Domestic Labor, Knitting and alternative networks: Knit++
By imam@xurban_collective


“Space is about potentia(ls) and thus, about liberation, Intensified technological circulation is in itself in need of exploitation of "human/natural resources". Liberty, therefore, can only be exercised as ‘liberation from’ mass-machinery (military/state/corporation)”[1]


xurban_collective is a loosely associated group which composed of artists, designers and scholars. Over the last decade, we have realized numerous projects that questioned governmental technologies, neo-liberal and military exclusion and containment strategies and rapid urban transformation via visual artistic methods.  Our artistic production is based on a collective model, which aims to realize issue-based-projects without any financial or social obligations to its members.[2]

In 2002, in order to analyze and compare new and old labor practices and the spatial organization of work, we decided to look at “Knitting” for both its metaphorical and literal implications for the understanding and organization of labor today.  As a collective, self-organized online, we decided to realize a website to engage with various issues. Knit++ was a multiuser dynamic website which was composed of a navigation and project space. We considered the project as a small-scale experiment where we could test our ideas about collective production and non-hierarchical collective organization[3].  For us, it was particularly important to recognize and challenge the stratified dichotomies by means of super-impositions of multiple informative layers generated by research and production[4]. In order stay away from the opposition between material/immaterial production, we considered the multiplicity of labor practices about homeworking, knitting and contemporary artistic production altogether on a same surface, which was presented a randomly generated pattern which was produced by specific algorithms.

An exhibition, a catalogue or a journal provides a contextual framework one can rely on. Although, with respect to our initial intentions and the project outcome,  Knit++ project can be considered as  a “feminist” undertaking. Instead of highlighting a definitive scholarly approach, we decided to challenge our members to come up with their personal strategies to tackle with the issue of that we were exploring. The scope of project was to bring wide range of interdisciplinary approaches on the same artistic plane to create alternative creative assemblages.  In similar vein, this paper is not  a complete document intended to address the issues in homeworking and domestic labor and conditions of homeworking, but should be considered as a patchwork. I  hope that for the critical review of Knit++ for fe journal: feminist critique, will provide necessary backdrop for further feminist inquiries.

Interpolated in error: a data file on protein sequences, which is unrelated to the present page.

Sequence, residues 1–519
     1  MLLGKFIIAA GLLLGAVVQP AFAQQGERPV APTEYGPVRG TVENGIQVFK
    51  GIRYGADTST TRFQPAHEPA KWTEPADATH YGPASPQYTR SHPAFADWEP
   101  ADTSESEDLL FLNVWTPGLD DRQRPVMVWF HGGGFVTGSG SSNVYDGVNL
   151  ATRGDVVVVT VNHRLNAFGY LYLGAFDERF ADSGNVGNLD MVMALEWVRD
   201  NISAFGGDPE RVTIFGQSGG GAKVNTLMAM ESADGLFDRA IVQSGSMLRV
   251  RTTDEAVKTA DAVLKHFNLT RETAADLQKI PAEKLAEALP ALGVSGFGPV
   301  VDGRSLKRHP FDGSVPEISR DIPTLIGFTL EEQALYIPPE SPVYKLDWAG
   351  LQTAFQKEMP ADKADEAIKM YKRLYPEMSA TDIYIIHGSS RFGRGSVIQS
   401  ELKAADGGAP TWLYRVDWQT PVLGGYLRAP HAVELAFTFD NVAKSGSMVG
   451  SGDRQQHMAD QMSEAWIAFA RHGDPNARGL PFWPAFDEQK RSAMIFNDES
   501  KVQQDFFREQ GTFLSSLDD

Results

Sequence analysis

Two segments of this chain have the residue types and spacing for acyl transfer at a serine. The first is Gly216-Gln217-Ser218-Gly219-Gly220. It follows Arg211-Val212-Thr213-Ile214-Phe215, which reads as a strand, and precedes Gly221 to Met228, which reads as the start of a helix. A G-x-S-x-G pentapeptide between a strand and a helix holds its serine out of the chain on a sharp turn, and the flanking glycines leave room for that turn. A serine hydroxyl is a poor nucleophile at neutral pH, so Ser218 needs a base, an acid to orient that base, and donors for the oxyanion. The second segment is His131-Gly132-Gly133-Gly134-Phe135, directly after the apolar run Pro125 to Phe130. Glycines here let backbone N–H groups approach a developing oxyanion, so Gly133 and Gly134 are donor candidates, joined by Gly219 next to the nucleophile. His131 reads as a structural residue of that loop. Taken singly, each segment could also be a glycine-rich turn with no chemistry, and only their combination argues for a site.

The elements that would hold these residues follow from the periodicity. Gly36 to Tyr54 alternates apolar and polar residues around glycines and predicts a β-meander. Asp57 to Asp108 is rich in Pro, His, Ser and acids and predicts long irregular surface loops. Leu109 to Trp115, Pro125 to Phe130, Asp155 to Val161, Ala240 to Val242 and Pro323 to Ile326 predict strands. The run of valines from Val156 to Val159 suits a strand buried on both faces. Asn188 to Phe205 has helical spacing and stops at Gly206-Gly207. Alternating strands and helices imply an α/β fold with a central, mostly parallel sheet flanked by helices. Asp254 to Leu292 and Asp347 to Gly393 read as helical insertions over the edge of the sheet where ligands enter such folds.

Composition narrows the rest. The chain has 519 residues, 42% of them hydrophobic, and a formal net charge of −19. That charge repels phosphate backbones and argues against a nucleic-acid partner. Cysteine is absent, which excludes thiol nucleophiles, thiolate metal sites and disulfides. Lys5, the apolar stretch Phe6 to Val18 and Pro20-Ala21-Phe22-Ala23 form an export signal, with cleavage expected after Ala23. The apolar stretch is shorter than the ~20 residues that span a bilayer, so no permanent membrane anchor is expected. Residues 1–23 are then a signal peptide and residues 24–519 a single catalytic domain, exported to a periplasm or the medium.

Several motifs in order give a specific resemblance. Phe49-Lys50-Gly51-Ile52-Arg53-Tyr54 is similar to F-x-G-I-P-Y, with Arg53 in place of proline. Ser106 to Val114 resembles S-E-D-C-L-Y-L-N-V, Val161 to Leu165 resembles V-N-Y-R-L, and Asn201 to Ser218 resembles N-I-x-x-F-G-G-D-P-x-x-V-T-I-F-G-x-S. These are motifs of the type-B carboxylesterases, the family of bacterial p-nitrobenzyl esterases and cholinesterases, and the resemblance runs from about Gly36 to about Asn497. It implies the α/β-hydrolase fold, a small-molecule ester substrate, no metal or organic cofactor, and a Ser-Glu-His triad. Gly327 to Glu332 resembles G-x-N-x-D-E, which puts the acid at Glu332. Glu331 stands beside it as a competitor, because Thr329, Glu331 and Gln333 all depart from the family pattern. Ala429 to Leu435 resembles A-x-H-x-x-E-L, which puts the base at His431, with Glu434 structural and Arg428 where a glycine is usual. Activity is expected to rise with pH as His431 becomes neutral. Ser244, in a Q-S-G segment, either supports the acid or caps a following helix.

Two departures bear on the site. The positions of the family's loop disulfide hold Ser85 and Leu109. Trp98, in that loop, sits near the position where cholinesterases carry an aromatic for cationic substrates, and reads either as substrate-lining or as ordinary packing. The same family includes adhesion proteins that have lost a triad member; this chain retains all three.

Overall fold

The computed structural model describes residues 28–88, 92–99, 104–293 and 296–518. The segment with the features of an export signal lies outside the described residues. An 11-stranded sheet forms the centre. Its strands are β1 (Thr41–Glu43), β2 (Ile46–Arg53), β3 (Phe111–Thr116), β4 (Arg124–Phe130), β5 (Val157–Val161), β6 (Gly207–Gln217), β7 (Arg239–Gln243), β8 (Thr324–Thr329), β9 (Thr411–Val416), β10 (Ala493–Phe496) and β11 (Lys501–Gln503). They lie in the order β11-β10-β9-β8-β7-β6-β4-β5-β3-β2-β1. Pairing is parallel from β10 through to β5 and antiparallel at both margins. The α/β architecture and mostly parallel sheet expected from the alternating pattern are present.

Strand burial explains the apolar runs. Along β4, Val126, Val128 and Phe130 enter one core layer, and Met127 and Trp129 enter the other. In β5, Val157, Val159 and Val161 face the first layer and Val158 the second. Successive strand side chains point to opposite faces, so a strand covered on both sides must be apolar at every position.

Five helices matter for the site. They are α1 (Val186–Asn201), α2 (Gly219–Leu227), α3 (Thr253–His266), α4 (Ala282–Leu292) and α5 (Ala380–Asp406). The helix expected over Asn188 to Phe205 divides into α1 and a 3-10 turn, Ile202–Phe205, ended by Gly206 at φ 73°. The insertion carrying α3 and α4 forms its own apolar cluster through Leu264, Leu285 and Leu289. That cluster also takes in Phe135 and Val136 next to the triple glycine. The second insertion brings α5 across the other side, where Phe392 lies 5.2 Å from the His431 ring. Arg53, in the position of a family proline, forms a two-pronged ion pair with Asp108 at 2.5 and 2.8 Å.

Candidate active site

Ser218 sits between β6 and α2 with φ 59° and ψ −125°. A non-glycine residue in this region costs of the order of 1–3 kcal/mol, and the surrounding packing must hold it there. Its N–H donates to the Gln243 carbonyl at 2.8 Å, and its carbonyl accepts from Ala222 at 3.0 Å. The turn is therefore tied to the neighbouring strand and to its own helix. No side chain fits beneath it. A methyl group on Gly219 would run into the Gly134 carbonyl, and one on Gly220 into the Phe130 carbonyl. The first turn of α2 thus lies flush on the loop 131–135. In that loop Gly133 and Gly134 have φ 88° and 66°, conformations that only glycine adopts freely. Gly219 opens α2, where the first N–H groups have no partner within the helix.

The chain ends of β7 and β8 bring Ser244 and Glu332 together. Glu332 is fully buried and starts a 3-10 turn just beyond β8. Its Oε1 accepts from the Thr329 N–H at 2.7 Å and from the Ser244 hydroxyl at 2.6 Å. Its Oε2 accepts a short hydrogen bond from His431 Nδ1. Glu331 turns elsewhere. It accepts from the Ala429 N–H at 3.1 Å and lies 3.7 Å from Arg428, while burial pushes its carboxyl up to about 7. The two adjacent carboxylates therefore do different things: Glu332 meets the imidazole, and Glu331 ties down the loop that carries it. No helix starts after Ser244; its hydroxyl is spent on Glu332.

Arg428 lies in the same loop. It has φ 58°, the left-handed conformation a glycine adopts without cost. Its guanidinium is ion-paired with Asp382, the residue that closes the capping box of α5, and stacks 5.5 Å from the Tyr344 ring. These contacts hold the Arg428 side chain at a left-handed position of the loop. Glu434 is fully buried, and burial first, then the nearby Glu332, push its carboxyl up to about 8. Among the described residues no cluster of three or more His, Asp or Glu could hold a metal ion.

Just like any other homeworker, we recognized that artists, scholars and academicians arrange and organize weave, (knit/ lace/ knot) new patterns thus establishing new associations with pictures, videos and words. We compose our ideas and translate them into visually recognizable forms which are eventually distributed; read, seen, stored.  We distinguish video-image from photography, text from painting, knitting from a piece of computer programming, yet, we can see that the conditions of waged or unwaged labor, how we all engage with the material world, how we transform raw materials into meaningful clusters evince many similarities. When we engage in these activities, the time that we give, and the places that we work for, the way that we are exploited is not utterly different from each other.  In fact, museums, universities, publishing houses and media companies can be understood as modern versions of textile manufacturing shops.

A factory or an office is a forced social space where workers from different backgrounds are put together according to their specializations. They share a common space of production and conditions of work and their effort produces new social realities by establishing new connections. This inevitable socialization in a factory establishes a new network. Workers eat together, drink together, get paid together.  Nevertheless, under capital order, most of their organizational efforts are subsumed under various hierarchies. Due to corrupt unions, political parties, never ending internal struggles within the Left, in a sad way; it seems that workers have lost their beliefs in democratic participation. In this respect, homeworkers, like artists, are scattered, un-organized and subjected to exploitation while vulnerable to economic fluctuations and pressed under pecking order. But in order to understand the nature of this exploitation we have to understand the nature of networks; how they are formed, managed and guided so that we can develop our own.